Paradoxically, the problems and limitations of history only bolster the case for studying it. History is anything but simplistic, and a serious study of it demands that we think rationally, critically, and comprehensively. The principle of multiple causation, one of the central tenets of modern historical analysis, recognizes the complexity and interconnectedness of issues and events. Because history encompasses so many fields of knowledge, it compels us to integrate all the contributing factors that impact an issue including the economic, social, political, religious, philosophical, and cultural components. This often calls for a good bit of intellectual energy, but until we assess history comprehensively we can never rest assured that our conclusions are valid.
There are other, more endemic reasons why history matters and why we should study it. A few years ago in the Q&A session following one of his lectures, someone in the audience asked the renowned historian Arthur Schlesinger Jr., “Why should we study history?” Schlesinger could have pontificated at length on the intellectual and cultural benefits of the discipline, but instead he simply replied, “Because, first of all, it’s a lot of fun.” He was right in a sense – it is undeniably enjoyable. History is, after all, the story of the past, and who doesn’t love a good story? Like all good literature, it stimulates the imagination. It inspires us with great examples of heroic sacrifice and accomplishment, while also warning us of the deceitfulness of power and wealth. (Biography can also do this, except that in biography, scale and proportion are skewed in the sense that everything revolves around a single life.) Even more fascinating is the fact that history deals with true stories about the most interesting people who ever lived and the most important events that ever occurred. How could anyone not enjoy it? –
unless, of course, their souls are impoverished by over-exposure to the stultifying effects of contemporary pop culture.
History is integral to making sense out of life, although one would never know it from the way it is often written and taught. Most people probably consider it largely irrelevant, little more than a mind-numbing litany of names, dates, and pointless factoids from the murky and musty past. Some probably perceive it as a curious preoccupation with dead people. Others view it as an antiquarian scavenger hunt, a kind of trivial pursuit of information that may be interesting in a quaint sort of way but is nonetheless disconnected from the realities of contemporary life. But in fact, history is remarkably relevant for those who access it for knowledge and inspiration. Those who are wise, or want to become wiser, delight in exploring the past because of the light it sheds on the present. Without a sense of historical consciousness, we are like amnesiacs groping in the dark with little awareness of who we are or where we came from.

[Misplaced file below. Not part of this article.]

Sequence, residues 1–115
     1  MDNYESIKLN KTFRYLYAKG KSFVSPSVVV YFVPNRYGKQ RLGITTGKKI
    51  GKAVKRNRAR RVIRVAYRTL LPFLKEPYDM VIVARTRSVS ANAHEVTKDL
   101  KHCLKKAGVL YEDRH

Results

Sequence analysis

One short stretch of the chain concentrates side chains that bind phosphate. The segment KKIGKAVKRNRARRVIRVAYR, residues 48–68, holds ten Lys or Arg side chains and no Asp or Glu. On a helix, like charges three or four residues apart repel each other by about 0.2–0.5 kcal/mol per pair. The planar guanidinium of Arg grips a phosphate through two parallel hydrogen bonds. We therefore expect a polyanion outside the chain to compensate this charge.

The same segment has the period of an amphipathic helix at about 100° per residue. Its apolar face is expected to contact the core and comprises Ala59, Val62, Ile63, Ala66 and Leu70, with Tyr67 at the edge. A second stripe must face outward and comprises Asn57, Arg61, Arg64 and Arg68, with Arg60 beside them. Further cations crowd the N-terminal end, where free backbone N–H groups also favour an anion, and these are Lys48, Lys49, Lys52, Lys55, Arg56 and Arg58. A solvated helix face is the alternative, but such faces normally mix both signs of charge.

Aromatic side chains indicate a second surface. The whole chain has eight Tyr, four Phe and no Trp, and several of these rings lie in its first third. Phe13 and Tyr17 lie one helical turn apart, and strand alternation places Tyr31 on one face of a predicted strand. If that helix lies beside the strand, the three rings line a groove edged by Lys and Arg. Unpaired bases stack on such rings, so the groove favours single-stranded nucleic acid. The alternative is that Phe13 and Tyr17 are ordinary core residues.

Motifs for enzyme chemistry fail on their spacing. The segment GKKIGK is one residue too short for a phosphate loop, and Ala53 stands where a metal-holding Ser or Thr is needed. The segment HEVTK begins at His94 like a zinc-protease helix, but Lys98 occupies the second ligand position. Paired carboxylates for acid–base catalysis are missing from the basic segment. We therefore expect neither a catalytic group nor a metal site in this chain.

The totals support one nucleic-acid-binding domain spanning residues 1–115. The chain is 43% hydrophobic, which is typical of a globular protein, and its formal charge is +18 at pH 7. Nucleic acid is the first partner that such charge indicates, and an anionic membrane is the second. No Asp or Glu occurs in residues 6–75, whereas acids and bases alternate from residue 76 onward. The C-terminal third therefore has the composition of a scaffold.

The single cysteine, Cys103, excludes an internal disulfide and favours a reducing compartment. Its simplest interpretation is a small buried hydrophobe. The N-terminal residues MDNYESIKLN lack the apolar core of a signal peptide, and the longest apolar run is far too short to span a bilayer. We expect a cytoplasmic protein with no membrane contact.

History also provides valuable insight into human social and cultural development. We study it in part to gain a sense of shared humanity and discover where ours and other civilizations came from, how they developed over time, the philosophical and theological foundations on which they are based, and how and why the various world systems function as they do. We all know people who are disinterested in anything that’s outside the boundaries of their own life experience. In their immaturity, they inhabit a small, ego-centered universe in which nothing matters unless it affects them personally. For such people, history holds no interest – in fact, it’s a bore – presumably because it’s not about them. They often express the same indifference toward politics, philosophy, religion, current events, or anything else that strikes them as irrelevant to their own personal existence.